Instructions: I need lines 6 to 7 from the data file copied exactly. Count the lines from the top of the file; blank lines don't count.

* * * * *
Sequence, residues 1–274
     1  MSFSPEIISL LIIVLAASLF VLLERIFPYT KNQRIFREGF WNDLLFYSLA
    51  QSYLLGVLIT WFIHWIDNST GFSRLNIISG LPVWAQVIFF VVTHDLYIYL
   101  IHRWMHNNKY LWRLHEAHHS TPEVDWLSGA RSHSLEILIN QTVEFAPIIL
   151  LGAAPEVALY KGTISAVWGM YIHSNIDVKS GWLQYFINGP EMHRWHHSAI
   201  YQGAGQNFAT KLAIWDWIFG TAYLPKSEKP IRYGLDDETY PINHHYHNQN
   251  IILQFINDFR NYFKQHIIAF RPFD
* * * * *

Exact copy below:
   201  YQGAGQNFAT KLAIWDWIFG TAYLPKSEKP IRYGLDDETY PINHHYHNQN
   251  IILQFINDFR NYFKQHIIAF RPFD